As we embark on this Independence Day weekend it is important to honor what this special holiday is all about. We all have a great time cleaning and detailing our apparatus for the neighborhood parade. Nothing is better than grilling something over the BBQ, either at the firehouse our at a neighborhood picnic. I’m sure all of us will enjoy watching fireworks either as the on duty crew or with our friends and family at home. This is a day of celebration, it is a day to honor the UNITED States of America. 235 years ago a bunch of individual colonists decided that they were going to put their life on the the line for the pursuit of FREEDOM. They wanted true freedom. Freedom from the tyrannical rulers an ocean away that limited their speech, religion, and the ability to freely pursue happiness. These brave colonists were able to defeat one of the strongest and most powerful army of the time because they realized that individually as colonists we may not be strong but by standing together as a united states, nothing could stand in our way.
One of our firefighter brothers Benjamin Franklin said "We must all hang together, or assuredly we shall all hang separately" Those words could not be more true in the 1700’s as they are today. We are more than just firefighters, we are brothers. We must never forget that no one firefighter can do it all, it is a team effort. The nozzle-man can’t put the wet stuff on the red stuff with out the engineer pumping his water. The captain inside can't adequately monitor the full incident without the chief out front letting him know that conditions are changing. We search in teams to stay positionally oriented and to ensure accountability. Firefighting is the ultimate team activity, it is about looking out for your brothers both during operations and back at the firehouse.The concept of mutual aid goes deeper than just asking our neighboring department for assistance with the second alarm, mutual aid is about brothers helping brothers. Mutual aid is about visiting our retired firefighters, mutual aid is about giving a hand to our brothers in need.
With reduced budgets, politicians taking away our rights and sometimes even our jobs, it is important that we think of many different ways that we can help each other. From combined purchasing to joint training, there are so many things we can do as a group that could never be accomplished as individual firefighters or individual departments.
Over this Independence Day weekend, let’s look to the past and the lessons our founding fathers taught us when we stopped acting as individual colonies and united to change the world. We are all in this together no matter what station, city or unit day. We may have been an individual prior to joining the fire service but once you don the mask and put on that helmet you will be forever connected as brothers.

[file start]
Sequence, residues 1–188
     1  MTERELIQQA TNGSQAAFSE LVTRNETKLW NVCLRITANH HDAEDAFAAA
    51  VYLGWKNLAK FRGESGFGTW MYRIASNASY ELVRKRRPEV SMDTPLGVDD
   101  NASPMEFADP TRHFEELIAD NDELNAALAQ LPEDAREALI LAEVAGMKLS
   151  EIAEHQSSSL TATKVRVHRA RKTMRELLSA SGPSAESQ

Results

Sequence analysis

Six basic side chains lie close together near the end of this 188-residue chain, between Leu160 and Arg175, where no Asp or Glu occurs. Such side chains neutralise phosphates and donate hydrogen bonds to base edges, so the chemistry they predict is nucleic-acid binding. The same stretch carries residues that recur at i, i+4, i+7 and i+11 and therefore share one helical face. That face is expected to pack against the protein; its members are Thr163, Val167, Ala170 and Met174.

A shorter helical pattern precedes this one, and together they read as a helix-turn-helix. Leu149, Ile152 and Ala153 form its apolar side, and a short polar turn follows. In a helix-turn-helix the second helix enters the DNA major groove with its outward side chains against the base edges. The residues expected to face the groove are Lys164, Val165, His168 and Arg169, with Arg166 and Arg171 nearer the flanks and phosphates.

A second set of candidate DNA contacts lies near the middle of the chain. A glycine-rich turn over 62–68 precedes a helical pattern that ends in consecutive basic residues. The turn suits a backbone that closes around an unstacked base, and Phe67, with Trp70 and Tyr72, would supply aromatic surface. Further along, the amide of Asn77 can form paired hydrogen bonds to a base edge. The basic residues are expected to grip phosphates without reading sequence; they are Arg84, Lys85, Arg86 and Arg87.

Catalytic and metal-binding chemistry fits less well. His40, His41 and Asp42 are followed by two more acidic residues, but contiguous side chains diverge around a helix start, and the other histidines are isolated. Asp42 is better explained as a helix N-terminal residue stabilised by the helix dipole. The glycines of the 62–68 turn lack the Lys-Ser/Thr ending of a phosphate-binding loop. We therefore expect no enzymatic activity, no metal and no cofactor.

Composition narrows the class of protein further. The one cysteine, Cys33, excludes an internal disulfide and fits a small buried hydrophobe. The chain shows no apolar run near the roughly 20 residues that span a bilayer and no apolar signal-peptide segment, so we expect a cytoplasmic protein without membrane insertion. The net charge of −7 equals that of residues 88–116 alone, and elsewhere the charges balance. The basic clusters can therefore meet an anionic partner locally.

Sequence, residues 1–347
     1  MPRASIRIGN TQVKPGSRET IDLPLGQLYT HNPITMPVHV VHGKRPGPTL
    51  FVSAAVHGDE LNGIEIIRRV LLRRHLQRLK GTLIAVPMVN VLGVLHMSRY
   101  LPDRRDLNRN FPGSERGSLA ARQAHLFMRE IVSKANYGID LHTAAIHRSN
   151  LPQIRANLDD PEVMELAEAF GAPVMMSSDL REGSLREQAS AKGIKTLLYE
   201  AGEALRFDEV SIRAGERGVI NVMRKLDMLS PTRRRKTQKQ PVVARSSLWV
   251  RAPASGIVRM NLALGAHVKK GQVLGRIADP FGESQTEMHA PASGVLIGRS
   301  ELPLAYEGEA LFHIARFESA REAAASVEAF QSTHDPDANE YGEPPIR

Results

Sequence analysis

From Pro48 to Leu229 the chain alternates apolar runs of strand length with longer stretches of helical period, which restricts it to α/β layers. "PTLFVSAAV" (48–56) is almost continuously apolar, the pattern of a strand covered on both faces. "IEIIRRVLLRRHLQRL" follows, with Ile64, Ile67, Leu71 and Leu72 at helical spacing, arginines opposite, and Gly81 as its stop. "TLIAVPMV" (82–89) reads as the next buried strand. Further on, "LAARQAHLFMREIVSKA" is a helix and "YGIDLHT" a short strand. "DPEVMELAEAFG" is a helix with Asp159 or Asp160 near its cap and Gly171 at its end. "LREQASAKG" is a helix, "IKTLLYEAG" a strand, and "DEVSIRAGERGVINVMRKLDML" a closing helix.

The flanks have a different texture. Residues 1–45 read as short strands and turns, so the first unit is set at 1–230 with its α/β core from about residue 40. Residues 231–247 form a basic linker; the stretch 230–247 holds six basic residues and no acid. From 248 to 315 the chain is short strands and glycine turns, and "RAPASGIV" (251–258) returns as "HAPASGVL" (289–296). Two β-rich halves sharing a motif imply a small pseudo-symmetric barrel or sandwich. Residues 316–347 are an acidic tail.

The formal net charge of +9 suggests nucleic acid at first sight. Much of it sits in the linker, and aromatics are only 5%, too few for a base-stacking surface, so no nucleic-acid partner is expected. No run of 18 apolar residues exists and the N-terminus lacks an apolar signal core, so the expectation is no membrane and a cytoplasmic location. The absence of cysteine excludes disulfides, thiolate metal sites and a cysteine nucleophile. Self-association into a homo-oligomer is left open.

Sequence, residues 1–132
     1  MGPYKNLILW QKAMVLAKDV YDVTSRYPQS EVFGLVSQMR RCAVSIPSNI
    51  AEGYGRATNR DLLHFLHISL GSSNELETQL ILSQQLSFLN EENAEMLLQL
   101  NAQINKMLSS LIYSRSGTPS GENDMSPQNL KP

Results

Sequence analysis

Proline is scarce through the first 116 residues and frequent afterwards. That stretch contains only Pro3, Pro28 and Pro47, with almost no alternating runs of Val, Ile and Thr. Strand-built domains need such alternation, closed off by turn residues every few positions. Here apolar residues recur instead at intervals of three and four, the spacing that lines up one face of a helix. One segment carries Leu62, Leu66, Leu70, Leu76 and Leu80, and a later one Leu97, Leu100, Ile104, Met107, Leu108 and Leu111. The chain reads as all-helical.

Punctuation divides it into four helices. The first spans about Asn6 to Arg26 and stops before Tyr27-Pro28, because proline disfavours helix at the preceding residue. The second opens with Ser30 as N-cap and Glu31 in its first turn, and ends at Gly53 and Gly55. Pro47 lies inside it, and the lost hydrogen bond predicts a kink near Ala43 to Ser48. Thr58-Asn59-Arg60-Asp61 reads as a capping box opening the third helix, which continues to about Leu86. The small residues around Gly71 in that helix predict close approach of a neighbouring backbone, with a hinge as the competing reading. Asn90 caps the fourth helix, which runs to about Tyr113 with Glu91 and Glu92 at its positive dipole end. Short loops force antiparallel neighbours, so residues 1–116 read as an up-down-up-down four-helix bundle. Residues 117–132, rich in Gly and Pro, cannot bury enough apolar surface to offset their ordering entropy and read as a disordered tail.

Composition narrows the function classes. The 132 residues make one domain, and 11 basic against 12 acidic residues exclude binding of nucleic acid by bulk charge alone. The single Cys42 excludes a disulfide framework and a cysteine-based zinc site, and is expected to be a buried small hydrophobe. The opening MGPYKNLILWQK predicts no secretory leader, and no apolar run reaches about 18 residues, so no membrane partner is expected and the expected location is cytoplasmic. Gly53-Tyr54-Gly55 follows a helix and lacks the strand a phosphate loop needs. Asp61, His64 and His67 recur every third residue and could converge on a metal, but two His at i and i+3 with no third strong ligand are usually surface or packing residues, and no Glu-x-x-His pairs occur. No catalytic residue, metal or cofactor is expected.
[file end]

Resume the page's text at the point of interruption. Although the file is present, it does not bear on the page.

Greetings from Moscow Russia!
Over the last few days MN8 has had the chance to open a new front on our war against lack visibility, lack of accountability and disorientation in interior firefighting operations. After a very long plane ride, I finally arrived in the land of our once former cold-war era enemy. Even though the hints of their Soviet past could be seen everywhere(huge apartment buildings, communist statues, mosaics, and communist themed artwork)
capitalism has made a huge presence all over Moscow. There is a McDonalds and Starbucks on every corner and all the cars were US, Japanese, and German.
I was greeted at my hotel by my very gracious host and new friend Constantine. He treated me and several of his colleagues to a traditional Russian experience.
Sauna, steam, food, and WAY too much vodka. He explained that you can’t do business in Russia unless you are friends first. I like the way these guys operate.
The late night turned in to early morning and on my way back to the hotel I got to meet Moscow’s finest when our driver was pulled over for speeding. They threatened him with jail and permanent revocation of his license but we were free to go once he stuffed a wad of Rubles in the police commanders hand....
The next day Constitine and I laid out our go to market strategy for illuminating Russia. His company has incredible contacts with firefighters all over the mother land. No matter where you go fire is fire and we all face the same challenges of visibility, accountability, and disorientation.
The following day Constitine’s son Alec met me at the hotel for some sight seeing. We took the Moscow subway to the Red Square. I have never seen a more beautiful and huge example of architecture, engineering, efficiency and cleanliness.
We visited Red Square, saw the Kremlin, Lennin’s tomb and St. Basils cathedral.
Overall the trip was a great success. It fills me full of pride that we are not only making the environment for firefighters in North Americas safer but we are also helping our brother firefighters that were once our cold-war era enemies.
Stay Safe !